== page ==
This quote from a 2011 Douglas Adams interview with American Atheists (subsequently reproduced in The Salmon of Doubt) perfectly describes my attitude towards belief and religion (see also: this quote from Alan Turing):
AMERICAN ATHEISTS: Mr. Adams, you have been described as a “radical Atheist”. Is this accurate?
DNA: Yes. I think I use the term radical rather loosely, just for emphasis. If you describe yourself as “Atheist”, some people will say, “Don’t you mean ‘Agnostic’?” I have to reply that I really do mean Atheist. I really do not believe that there is a god — in fact I am convinced that there is not a god (a subtle difference). I see not a shred of evidence to suggest that there is one. It’s easier to say that I am a radical Atheist, just to signal that I really mean it, have thought about it a great deal, and that it’s an opinion I hold seriously.
Other people will ask how I can possibly claim to know? Isn’t belief-that-there-is-not-a-god as irrational, arrogant, etc., as belief-that-there-is-a-god? To which I say no for several reasons. First of all I do not believe-that-there-is-not-a-god. I don’t see what belief has got to do with it. I believe or don’t believe my four-year old daughter when she tells me that she didn’t make that mess on the floor. I believe in justice and fair play (though I don’t know exactly how we achieve them, other than by continually trying against all possible odds of success). I also believe that England should enter the European Monetary Union. I am not remotely enough of an economist to argue the issue vigorously with someone who is, but what little I do know, reinforced with a hefty dollop of gut feeling, strongly suggests to me that it’s the right course. I could very easily turn out to be wrong, and I know that. These seem to me to be legitimate uses for the word believe. As a carapace for the protection of irrational notions from legitimate questions, however, I think that the word has a lot of mischief to answer for. So, I do not believe-that-there-is-no-god. I am, however, convinced that there is no god, which is a totally different stance and takes me on to my second reason.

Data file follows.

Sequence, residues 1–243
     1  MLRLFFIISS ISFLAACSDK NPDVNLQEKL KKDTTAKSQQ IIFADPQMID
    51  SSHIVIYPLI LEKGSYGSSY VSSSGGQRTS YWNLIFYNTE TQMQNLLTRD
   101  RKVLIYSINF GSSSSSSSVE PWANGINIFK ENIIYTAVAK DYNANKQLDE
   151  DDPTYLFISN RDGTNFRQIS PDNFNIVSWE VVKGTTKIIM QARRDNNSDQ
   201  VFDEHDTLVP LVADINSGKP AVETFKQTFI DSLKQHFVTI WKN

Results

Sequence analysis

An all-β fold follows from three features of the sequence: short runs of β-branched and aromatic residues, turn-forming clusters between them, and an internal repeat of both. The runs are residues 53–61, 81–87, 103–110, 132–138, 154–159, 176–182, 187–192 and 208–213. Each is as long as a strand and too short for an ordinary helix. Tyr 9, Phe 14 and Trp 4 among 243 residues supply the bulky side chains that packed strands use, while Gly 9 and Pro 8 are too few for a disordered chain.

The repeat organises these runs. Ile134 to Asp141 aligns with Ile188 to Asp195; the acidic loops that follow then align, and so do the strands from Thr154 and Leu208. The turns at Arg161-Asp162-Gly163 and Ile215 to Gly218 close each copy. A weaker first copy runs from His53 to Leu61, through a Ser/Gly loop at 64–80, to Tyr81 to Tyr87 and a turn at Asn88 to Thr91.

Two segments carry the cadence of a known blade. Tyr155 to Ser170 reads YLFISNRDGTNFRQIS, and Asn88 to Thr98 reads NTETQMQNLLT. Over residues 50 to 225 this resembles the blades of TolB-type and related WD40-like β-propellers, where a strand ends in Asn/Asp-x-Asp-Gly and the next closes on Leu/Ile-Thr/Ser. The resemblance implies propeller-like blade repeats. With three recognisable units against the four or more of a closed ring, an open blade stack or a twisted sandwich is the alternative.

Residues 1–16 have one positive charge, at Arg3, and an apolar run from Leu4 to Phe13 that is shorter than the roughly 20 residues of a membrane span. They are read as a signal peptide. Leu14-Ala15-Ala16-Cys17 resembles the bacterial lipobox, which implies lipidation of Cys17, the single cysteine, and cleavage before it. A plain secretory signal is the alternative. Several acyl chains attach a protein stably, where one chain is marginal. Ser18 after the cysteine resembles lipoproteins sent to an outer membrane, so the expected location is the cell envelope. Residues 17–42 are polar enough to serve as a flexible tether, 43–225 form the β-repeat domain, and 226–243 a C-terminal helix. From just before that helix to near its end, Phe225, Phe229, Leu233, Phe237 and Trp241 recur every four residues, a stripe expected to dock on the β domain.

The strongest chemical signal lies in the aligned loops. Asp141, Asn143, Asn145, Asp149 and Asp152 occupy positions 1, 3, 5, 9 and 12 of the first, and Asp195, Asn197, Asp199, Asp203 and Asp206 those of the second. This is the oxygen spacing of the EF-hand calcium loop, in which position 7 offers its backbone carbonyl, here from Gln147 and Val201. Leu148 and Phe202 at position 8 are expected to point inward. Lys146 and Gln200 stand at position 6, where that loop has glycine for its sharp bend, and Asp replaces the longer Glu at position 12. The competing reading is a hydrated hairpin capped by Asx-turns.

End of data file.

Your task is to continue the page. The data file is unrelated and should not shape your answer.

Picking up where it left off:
I don’t accept the currently fashionable assertion that any view is automatically as worthy of respect as any equal and opposite view. My view is that the moon is made of rock. If someone says to me “Well, you haven’t been there, have you? You haven’t seen it for yourself, so my view that it is made of Norwegian Beaver Cheese is equally valid” — then I can’t even be bothered to argue. There is such a thing as the burden of proof, and in the case of god, as in the case of the composition of the moon, this has shifted radically. God used to be the best explanation we’d got, and we’ve now got vastly better ones. God is no longer an explanation of anything, but has instead become something that would itself need an insurmountable amount of explaining. So I don’t think that being convinced that there is no god is as irrational or arrogant a point of view as belief that there is. I don’t think the matter calls for even-handedness at all.